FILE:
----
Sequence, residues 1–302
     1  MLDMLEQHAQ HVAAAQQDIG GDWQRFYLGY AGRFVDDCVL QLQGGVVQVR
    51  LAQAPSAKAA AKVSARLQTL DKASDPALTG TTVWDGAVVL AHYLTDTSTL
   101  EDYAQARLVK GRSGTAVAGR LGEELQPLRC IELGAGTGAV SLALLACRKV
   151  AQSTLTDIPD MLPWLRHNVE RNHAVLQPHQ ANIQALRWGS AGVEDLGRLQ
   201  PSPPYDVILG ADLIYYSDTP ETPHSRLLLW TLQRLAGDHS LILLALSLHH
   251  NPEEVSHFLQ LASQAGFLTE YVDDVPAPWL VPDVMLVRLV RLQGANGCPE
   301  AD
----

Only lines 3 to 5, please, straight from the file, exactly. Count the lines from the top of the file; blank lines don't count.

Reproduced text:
    51  LAQAPSAKAA AKVSARLQTL DKASDPALTG TTVWDGAVVL AHYLTDTSTL
   101  EDYAQARLVK GRSGTAVAGR LGEELQPLRC IELGAGTGAV SLALLACRKV
   151  AQSTLTDIPD MLPWLRHNVE RNHAVLQPHQ ANIQALRWGS AGVEDLGRLQ